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ARS Home » Midwest Area » Ames, Iowa » National Animal Disease Center » Infectious Bacterial Diseases Research » Research » Publications at this Location » Publication #114138


item Trott, Darren
item Alt, David
item Zuerner, Richard
item Stanton, Thaddeus

Submitted to: Animal Health Research Reviews
Publication Type: Peer Reviewed Journal
Publication Acceptance Date: 10/4/2000
Publication Date: N/A
Citation: N/A

Interpretive Summary: Pathogenic members of the Brachyspira genus cause colitis in growing pigs. The organisms are attracted to the surface of the intestine, attach and frequently invade. These pathogenic mechanisms are poorly understood. Proteins that are expressed on the bacterial cell surface during infection may play an important role during infection but have not been well characterized. This paper reviews the current knowledge of the Brachyspira outer membrane including the characterization of unique proteins. It concludes with a summary of methods that we have used to isolate and characterize B. pilosicoli membrane proteins. This includes isolating membrane vesicles, producing a library of monoclonal antibodies to specific proteins that may be suitable for the development of diagnostic tests and the cloning and sequencing of a unique lipoprotein gene.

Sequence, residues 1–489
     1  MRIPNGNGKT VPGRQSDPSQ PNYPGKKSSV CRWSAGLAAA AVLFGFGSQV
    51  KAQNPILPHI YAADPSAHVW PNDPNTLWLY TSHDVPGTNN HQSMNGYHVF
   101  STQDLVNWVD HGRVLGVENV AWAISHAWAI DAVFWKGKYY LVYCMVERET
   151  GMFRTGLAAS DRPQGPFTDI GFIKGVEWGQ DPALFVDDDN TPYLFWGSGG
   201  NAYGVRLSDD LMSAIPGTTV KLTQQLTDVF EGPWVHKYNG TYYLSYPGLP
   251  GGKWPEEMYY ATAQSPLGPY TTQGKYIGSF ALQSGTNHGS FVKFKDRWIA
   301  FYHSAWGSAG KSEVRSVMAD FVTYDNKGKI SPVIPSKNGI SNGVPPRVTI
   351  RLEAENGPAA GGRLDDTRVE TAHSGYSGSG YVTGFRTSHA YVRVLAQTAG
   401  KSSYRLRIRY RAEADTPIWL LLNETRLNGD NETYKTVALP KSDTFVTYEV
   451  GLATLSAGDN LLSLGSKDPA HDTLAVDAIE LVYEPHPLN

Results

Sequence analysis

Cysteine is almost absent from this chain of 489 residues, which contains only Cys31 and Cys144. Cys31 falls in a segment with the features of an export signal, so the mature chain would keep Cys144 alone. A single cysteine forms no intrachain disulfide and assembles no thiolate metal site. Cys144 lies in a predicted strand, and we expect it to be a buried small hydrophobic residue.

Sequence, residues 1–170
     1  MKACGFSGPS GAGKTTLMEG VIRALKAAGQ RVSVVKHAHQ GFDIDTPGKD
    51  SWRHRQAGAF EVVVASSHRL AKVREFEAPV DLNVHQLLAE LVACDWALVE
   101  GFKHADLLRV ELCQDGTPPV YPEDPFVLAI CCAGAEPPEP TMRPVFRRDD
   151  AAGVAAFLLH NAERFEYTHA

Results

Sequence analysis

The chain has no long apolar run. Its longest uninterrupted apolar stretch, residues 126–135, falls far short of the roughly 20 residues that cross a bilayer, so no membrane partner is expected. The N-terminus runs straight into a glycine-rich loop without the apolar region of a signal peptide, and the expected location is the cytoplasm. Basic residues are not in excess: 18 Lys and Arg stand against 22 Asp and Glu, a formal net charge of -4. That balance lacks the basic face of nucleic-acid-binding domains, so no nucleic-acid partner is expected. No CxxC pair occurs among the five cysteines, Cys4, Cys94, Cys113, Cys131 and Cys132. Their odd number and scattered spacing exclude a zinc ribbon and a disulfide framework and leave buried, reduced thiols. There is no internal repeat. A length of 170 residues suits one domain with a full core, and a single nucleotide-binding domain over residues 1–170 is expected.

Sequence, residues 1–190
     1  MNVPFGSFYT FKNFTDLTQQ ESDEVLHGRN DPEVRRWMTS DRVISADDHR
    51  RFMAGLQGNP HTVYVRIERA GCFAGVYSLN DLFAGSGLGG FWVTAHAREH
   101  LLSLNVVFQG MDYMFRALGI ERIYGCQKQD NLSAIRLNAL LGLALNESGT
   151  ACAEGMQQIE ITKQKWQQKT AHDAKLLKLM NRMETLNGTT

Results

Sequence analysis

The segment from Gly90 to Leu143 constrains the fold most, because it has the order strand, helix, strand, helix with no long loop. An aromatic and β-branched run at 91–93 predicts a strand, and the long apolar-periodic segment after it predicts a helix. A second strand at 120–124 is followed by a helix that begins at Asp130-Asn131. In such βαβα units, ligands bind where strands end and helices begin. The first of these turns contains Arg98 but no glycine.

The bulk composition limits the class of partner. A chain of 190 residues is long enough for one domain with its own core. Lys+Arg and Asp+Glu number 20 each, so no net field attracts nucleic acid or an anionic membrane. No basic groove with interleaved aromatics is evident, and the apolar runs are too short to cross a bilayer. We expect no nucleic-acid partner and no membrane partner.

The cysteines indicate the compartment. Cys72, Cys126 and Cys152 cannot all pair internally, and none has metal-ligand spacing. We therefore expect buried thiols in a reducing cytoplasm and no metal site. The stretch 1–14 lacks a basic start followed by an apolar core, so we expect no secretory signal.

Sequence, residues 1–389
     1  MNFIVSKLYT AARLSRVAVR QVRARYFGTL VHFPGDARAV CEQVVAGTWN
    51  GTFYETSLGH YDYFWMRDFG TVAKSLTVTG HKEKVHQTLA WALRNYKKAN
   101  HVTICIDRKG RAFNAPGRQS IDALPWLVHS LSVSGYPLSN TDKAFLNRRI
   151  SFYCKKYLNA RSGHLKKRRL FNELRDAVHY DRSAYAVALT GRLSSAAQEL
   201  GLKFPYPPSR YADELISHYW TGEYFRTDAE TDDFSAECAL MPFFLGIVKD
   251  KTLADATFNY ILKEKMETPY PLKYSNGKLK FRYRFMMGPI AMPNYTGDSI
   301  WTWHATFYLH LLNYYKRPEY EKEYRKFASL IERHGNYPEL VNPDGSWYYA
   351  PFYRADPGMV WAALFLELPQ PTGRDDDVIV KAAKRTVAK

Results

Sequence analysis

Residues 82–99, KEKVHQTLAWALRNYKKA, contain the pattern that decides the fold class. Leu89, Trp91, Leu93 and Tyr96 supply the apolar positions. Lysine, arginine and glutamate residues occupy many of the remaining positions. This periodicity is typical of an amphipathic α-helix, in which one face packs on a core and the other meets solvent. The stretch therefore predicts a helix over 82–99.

Technical Abstract: Little is known about the outer membrane structure of Brachyspira hyodysenteriae and Brachyspira pilosicoli or the role of outer membrane proteins (OMPs) in host colonization and the development of disease. The isolation of outer membrane vesicles from B. hyodysenteriae has confirmed that cholesterol is a significant outer membrane constituent and that it may impart unique characteristics to the lipid bilayer structure including a reduced density. Unique proteins that have been identified in the B. hyodysenteriae outer membrane include the variable surface (Vsp) proteins and lipoproteins such as SmpA and BmpB. While the function of these proteins remains to be determined, there is evidence to suggest that they may be involved in immune evasion. These data may explain the ability of the organism to initiate chronic infection. OMPs may be responsible for the unique attachment of B. pilosicoli to colonic epithelial cells; however, the only B. pilosicoli OMPs that have been identified to date are involved in metabolism. In order to identify further B. pilosicoli OMPs we have isolated membrane vesicle fractions from strain 95-1000 by osmotic lysis and isopycnic centrifugation. The fractions were free of cytoplasmic and flagella contamination and contained outer membrane. Inner membrane contamination was minimal but could not be completely excluded. An abundant 45 kDa heat modifiable protein was shown to have significant homology with B. hyodysenteriae Vsp, and monoclonal antibodies were produced that reacted with five B. pilosicoli-specific membrane protein epitopes.